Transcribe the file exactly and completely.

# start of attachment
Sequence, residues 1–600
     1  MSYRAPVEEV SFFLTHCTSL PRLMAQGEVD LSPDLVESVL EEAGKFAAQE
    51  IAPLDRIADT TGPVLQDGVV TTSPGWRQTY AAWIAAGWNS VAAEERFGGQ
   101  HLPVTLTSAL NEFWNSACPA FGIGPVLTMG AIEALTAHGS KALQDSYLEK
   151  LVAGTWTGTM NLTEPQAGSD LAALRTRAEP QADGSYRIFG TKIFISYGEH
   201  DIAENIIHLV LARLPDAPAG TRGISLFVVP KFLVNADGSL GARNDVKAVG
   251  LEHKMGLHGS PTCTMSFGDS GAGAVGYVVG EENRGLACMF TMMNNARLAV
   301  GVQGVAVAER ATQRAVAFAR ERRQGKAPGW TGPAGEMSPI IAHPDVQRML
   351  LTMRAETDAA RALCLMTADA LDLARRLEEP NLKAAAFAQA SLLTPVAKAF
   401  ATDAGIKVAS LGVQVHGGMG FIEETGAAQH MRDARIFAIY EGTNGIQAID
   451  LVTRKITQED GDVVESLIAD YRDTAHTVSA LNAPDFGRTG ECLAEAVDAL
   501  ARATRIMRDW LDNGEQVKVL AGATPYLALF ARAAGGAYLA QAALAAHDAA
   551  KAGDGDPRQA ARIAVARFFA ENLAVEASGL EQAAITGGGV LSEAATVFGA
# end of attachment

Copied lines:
Sequence, residues 1–600
     1  MSYRAPVEEV SFFLTHCTSL PRLMAQGEVD LSPDLVESVL EEAGKFAAQE
    51  IAPLDRIADT TGPVLQDGVV TTSPGWRQTY AAWIAAGWNS VAAEERFGGQ
   101  HLPVTLTSAL NEFWNSACPA FGIGPVLTMG AIEALTAHGS KALQDSYLEK
   151  LVAGTWTGTM NLTEPQAGSD LAALRTRAEP QADGSYRIFG TKIFISYGEH
   201  DIAENIIHLV LARLPDAPAG TRGISLFVVP KFLVNADGSL GARNDVKAVG
   251  LEHKMGLHGS PTCTMSFGDS GAGAVGYVVG EENRGLACMF TMMNNARLAV
   301  GVQGVAVAER ATQRAVAFAR ERRQGKAPGW TGPAGEMSPI IAHPDVQRML
   351  LTMRAETDAA RALCLMTADA LDLARRLEEP NLKAAAFAQA SLLTPVAKAF
   401  ATDAGIKVAS LGVQVHGGMG FIEETGAAQH MRDARIFAIY EGTNGIQAID
   451  LVTRKITQED GDVVESLIAD YRDTAHTVSA LNAPDFGRTG ECLAEAVDAL
   501  ARATRIMRDW LDNGEQVKVL AGATPYLALF ARAAGGAYLA QAALAAHDAA
   551  KAGDGDPRQA ARIAVARFFA ENLAVEASGL EQAAITGGGV LSEAATVFGA